Staff Management

For Successful Execution of Initiatives, Start with an Engaged Team

By Amir Khoshnevis, OD

We all have short- and long-term plans for our practices—whether we have written it down and shared it with staff, or whether those plans only exist in our heads.

To ensure your vision for your practice becomes a reality, it is not enough for that vision to exist solely in your mind, with staff told just enough to do their jobs on a day-to-day basis. To take your practice where you want it to go, begin with a plan to engage and inform your staff.

Whether you want to create a new niche, reach out to a new subset of the population, such as a more affluent audience or more young people, your staff needs to be aware of the goal and appreciate its long-term benefits. In addition to helping them do their jobs better by putting into a larger context the tasks they labor through every day, sharing your goals can be an inspiration to staff that results in your employees helping you achieve your goals by contributing their own ideas.

To gain traction for the idea, follow these four steps prior to any attempt to implement initiatives:

1. Take the time to consider how you will explain your vision, or the new initiative, to staff. First, take the presentation to staff as seriously as you would a lecture to other doctors. Sell your idea by using vivid language that paints a picture for staff.

2. Supply a success story from another practice or business that implemented an initiative similar to the one you propose. People are generally more comfortable with a new idea if they sense “safety in numbers” and a proven track record. Besides, everyone relates to a good story better than a dry lecture.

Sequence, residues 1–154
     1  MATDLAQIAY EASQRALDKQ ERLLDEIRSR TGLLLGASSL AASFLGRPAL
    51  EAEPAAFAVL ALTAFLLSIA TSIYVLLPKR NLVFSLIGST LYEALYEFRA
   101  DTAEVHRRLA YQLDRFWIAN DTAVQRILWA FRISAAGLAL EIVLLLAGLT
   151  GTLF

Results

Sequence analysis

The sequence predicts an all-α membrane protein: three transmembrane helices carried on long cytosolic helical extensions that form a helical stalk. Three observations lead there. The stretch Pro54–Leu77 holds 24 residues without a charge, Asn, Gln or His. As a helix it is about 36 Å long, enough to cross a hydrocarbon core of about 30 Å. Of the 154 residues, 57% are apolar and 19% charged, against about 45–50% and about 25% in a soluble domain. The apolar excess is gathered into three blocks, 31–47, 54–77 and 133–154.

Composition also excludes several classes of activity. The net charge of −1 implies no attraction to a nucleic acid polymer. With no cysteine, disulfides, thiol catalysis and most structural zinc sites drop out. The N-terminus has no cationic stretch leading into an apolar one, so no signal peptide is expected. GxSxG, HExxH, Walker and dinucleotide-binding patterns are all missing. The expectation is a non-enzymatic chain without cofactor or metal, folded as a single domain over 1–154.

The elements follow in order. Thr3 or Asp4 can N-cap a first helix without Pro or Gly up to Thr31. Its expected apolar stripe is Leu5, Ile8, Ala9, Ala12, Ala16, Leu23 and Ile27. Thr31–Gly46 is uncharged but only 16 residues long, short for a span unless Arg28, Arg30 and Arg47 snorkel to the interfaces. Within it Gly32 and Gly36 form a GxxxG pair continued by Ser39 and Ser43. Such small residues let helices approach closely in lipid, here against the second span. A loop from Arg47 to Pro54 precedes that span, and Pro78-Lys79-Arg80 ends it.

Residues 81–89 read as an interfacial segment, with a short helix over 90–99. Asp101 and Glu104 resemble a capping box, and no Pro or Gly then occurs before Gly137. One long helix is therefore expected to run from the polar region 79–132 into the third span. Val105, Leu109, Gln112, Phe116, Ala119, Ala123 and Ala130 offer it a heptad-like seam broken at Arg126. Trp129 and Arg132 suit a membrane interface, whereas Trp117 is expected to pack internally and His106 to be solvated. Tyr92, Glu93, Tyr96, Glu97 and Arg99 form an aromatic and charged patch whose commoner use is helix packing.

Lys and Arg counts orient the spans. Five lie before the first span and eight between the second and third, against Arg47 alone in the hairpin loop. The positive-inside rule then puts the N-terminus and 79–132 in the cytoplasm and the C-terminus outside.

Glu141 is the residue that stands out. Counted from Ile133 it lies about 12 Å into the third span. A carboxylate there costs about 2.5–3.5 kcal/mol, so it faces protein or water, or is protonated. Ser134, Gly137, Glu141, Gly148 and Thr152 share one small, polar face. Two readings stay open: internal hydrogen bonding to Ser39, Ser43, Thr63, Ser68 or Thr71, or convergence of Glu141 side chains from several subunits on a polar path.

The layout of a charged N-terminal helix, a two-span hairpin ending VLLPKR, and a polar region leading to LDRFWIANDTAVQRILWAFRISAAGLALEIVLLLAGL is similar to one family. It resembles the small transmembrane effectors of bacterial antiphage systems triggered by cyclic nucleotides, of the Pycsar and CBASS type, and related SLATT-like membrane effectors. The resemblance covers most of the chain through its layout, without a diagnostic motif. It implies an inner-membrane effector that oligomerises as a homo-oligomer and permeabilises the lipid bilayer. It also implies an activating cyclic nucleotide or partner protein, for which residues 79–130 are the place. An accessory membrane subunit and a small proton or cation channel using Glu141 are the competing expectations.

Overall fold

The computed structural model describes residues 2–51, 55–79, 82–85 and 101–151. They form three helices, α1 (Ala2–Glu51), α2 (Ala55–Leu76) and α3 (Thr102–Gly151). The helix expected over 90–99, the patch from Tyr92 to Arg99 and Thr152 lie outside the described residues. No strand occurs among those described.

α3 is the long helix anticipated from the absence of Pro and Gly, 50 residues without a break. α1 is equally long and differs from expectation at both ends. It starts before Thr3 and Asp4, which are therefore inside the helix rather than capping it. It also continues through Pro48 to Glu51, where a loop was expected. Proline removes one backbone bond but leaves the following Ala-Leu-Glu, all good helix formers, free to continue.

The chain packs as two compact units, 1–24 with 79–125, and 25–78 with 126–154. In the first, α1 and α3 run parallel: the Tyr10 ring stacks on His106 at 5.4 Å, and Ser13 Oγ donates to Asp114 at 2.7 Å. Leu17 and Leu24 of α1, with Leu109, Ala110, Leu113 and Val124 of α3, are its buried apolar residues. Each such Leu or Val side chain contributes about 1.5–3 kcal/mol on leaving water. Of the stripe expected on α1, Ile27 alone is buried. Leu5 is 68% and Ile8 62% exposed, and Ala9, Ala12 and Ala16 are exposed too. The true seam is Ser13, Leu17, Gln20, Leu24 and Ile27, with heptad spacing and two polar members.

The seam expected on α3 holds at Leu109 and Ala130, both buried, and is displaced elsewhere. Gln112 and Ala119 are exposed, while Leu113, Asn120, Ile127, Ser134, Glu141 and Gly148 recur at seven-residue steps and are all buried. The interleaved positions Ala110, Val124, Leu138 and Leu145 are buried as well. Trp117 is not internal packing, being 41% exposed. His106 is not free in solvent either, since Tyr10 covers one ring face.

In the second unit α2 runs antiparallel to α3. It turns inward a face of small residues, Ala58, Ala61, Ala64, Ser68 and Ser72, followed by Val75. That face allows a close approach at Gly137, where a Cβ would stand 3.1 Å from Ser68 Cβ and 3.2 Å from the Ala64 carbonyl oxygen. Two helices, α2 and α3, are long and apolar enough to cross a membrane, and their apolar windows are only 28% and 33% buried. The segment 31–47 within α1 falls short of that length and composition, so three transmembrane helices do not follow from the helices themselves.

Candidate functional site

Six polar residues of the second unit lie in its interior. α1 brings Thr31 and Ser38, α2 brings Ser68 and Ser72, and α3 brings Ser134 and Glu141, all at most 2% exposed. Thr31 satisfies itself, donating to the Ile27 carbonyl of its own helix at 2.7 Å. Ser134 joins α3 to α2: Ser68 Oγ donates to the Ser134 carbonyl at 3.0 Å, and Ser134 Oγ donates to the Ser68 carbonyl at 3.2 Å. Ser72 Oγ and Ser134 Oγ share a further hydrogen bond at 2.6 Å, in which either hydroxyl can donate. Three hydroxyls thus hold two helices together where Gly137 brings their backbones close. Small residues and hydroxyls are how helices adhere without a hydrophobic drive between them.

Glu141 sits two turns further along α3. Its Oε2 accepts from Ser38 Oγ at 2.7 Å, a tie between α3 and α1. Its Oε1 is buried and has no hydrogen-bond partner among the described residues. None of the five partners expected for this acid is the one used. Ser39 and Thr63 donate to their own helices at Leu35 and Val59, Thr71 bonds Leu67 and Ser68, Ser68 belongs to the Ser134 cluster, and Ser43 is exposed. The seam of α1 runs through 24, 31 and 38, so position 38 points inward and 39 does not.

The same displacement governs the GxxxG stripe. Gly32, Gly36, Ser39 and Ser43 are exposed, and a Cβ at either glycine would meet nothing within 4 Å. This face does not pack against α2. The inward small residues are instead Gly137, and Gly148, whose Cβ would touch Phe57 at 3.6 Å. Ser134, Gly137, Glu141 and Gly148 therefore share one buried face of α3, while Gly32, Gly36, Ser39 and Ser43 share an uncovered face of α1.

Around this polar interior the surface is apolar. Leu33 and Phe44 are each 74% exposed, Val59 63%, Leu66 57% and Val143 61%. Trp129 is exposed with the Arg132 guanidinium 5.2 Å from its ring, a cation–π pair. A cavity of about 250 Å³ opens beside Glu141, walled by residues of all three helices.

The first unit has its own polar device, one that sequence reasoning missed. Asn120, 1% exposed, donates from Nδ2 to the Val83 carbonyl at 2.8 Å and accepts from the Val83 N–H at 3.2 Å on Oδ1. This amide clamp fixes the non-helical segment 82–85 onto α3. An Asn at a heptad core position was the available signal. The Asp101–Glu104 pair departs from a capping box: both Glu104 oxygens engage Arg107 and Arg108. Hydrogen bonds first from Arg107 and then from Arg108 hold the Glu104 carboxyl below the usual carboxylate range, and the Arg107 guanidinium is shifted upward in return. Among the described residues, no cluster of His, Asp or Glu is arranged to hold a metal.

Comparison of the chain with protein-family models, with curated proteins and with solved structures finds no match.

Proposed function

3. Once the right vision and inspiration is in your employees’ minds, work with them to create an action plan for implementation. It is best if specific responsibilities are assigned to each employee, with benchmarks for success and deadlines set for each job role.

4. Lastly, to exponentially increase your likelihood of success, seek personal commitments from key individuals on the team. When you receive someone’s “word” on a particular mission, you’ve plainly placed your trust in each other. This is the most valuable intangible connection between a leader and his/her people.

Remember, the vision may be yours, but the success at achieving it depends on the ability of your staff to work together as a team.

Note: Check out Leadership Insights, Oct. 2010, for ideas for inspiring staff towards your goals.

Do you have success stories to share of how you worked with staff to achieve a practice goal? What difficulty have you experienced in this regard, and how did you work through it?

Amir Khoshnevis, OD, founded Carolina Family Eye Care in 2003. He is a graduate of the Pennsylvania College of Optometry and is a member of several optometric associations. He is a presenter at AOA and SECO. Dr. Khoshnevis has a strong interest in specialty contact lenses and has built a medical co-management contact lens practice as well as a clinical investigation site for specialty lenses. To contact him: drk@carolinafamilyeyecare.com.

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